Coimbatore: Having ridden the industrial growth wave to expand in this textile and manufacturing hub, but now seeing brighter prospects elsewhere, a group of Coimbatore industrialists are planning to make their money work for them by setting up a private equity (PE) fund of at least Rs 100 crore.
“Right now, most of us have cash cow companies,” said Annush Ramasamy, president of SPM Ltd, which runs some of the textile operations of the diversified nearly-$500 million (around Rs 2,450 crore) KG Group, whose flagship business is yarn and fabric manufacture.
“Most of us are wondering where the next growth will come from,” said Ramasamy, who is spearheading the effort to set up the fund.
Industry group-sponsored PE funds have so far been “a double-edged sword”, said K. Ramakrishnan, executive director of Chennai-based investment bank Spark Capital, which facilitates private equity investments.
Entrepreneurs looking for capital generally prefer independent funds over those backed by corporate houses, he said, because “the worry is that these funds may not have the maturity and balance to take the ups and downs of a start-up business”.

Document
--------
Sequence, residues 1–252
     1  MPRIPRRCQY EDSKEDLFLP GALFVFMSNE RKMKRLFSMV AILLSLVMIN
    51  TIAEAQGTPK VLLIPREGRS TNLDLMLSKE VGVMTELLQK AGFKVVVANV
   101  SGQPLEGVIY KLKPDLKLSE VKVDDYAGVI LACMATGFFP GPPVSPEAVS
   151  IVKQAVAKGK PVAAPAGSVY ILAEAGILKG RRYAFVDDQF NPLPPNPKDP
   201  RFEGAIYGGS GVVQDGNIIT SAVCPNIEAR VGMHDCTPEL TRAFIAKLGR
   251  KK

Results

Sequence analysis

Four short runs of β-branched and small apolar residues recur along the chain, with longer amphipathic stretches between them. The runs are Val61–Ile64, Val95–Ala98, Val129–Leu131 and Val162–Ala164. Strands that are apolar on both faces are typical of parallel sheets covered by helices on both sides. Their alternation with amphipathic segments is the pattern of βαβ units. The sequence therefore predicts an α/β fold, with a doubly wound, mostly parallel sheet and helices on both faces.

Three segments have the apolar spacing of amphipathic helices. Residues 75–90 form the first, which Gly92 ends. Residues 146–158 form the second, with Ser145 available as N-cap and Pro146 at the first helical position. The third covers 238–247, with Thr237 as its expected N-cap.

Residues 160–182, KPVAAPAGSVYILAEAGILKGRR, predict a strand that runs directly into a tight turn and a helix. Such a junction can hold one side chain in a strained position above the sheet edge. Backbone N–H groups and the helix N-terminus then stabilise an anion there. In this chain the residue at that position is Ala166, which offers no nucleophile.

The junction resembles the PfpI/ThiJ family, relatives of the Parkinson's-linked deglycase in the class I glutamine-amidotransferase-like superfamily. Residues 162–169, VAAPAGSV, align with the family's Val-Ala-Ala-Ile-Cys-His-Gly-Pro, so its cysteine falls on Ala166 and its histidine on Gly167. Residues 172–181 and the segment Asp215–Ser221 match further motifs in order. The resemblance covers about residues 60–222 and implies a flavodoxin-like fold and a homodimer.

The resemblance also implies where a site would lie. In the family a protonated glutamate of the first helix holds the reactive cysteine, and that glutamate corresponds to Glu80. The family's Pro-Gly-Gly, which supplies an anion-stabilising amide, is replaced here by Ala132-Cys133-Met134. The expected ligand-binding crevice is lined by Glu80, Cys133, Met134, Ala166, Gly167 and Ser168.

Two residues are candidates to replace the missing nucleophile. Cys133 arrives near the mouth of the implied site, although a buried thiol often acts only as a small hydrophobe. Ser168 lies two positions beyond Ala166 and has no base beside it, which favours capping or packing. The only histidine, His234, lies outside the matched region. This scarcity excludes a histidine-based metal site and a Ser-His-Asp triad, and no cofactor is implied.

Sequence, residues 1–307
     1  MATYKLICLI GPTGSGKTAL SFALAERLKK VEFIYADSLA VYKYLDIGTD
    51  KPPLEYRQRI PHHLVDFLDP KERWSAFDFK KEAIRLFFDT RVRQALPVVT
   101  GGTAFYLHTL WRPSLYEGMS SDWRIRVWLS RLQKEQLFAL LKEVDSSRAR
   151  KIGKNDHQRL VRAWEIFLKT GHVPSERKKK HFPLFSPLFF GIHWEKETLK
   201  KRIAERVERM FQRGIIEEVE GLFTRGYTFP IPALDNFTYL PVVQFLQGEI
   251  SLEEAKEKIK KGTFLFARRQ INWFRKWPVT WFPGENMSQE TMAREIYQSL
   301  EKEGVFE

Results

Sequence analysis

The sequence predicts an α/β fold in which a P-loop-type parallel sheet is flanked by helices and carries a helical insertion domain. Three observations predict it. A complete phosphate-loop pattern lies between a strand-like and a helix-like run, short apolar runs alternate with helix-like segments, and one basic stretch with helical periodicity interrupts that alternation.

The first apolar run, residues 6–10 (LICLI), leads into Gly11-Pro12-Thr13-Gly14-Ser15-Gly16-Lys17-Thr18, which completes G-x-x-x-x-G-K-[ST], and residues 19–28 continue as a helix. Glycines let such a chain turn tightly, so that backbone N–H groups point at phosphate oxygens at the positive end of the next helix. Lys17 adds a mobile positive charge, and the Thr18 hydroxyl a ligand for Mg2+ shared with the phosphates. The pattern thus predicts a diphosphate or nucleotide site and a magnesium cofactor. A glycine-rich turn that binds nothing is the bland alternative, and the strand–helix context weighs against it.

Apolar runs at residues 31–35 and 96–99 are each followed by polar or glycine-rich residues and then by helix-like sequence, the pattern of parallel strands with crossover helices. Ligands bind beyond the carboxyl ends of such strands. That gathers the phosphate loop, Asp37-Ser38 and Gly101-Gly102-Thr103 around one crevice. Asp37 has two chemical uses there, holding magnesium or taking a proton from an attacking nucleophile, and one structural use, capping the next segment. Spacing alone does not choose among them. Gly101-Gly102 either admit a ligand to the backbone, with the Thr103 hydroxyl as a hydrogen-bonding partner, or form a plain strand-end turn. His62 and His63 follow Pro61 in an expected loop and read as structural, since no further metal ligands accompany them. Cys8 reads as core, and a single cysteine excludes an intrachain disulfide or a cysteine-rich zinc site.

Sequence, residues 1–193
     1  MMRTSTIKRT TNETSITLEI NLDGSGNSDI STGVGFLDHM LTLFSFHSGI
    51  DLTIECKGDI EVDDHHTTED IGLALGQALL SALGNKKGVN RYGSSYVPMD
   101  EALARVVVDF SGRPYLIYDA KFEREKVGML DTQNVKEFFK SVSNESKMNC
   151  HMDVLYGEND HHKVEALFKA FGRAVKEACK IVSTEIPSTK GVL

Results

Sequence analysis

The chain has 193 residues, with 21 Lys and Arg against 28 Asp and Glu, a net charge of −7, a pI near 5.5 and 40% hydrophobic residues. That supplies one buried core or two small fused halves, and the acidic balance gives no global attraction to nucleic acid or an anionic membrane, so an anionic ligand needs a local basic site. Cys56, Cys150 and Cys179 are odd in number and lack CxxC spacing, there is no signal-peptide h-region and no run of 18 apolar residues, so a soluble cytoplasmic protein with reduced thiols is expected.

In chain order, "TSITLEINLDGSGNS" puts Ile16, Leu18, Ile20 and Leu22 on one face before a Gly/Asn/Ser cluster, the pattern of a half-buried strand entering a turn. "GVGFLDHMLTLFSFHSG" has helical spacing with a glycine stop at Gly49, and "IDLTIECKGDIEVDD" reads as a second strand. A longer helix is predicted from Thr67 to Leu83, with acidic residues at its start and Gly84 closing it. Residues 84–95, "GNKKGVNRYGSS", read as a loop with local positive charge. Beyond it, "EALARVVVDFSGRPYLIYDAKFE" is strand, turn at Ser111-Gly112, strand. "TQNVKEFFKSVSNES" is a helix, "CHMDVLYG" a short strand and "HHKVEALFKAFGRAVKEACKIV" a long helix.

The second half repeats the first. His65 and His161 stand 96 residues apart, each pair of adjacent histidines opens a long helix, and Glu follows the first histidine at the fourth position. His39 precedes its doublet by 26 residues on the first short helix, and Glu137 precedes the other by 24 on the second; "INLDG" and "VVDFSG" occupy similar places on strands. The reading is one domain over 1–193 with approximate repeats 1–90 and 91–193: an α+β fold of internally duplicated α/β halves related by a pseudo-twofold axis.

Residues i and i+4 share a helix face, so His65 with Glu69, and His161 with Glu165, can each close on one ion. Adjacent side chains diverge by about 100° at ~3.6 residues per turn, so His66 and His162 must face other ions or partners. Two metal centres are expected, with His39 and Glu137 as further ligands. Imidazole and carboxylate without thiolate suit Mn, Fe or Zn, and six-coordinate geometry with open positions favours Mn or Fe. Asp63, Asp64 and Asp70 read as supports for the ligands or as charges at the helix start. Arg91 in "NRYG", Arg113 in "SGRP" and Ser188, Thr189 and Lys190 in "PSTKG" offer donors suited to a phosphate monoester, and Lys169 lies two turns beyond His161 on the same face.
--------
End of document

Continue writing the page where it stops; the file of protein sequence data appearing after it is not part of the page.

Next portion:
Some corporate-backed PE funds—such as those started by Reliance Equity Advisors (India) Ltd, Aditya Birla Capital Advisors Pvt. Ltd and Tata Capital Ltd—include third-party investment and therefore have a governance structure in place, a factor that could determine the success of such a venture, Ramakrishnan said.
Besides being a manufacturing centre for engineering products such as industrial pumps and auto components, Coimbatore is home to a large cluster of yarn-spinning mills. The region has 50% of the country’s spinning capacity, according to KG’s Ramasamy.
Now, however, manufacturing, bearing the direct impact of general economic and sector-specific vagaries, is looking slightly less lustrous to some industrialists here, relative to the new wealth generator, PE investment.
The planned sector-agnostic fund out of Coimbatore will focus on start-ups based in the city and its vicinity, leveraging the industrialist-investors’ knowledge and network in local business, politics and bureaucracy, Ramasamy said. This would help differentiate the fund from bigger players, and perhaps also attract their interest at a later stage, he said.
Interested investors have committed to at least Rs 100 crore for the fund, according to Ramasamy, who said it was early to reveal their names, with paperwork yet to be done. The group was still deciding on investment and exit strategies, and would likely be ready to launch the fund in six months, he said, adding that the KG Group would likely contribute Rs 20 crore to the corpus.
Ramasamy’s PE plan comes at a time when a steep fall in yarn prices have caused the KG Group’s revenue to drop by about 25% in the four months ended 31 August from a year earlier. The group’s revenue this fiscal may not grow significantly or may even decline from the $500 million it reported in 2010-11, Ramasamy said.
Though the downtown would be only temporary, “we see exponential growth coming only from PE companies, where we invest for a stake in high-growth companies, and facilitate their success”, he said.
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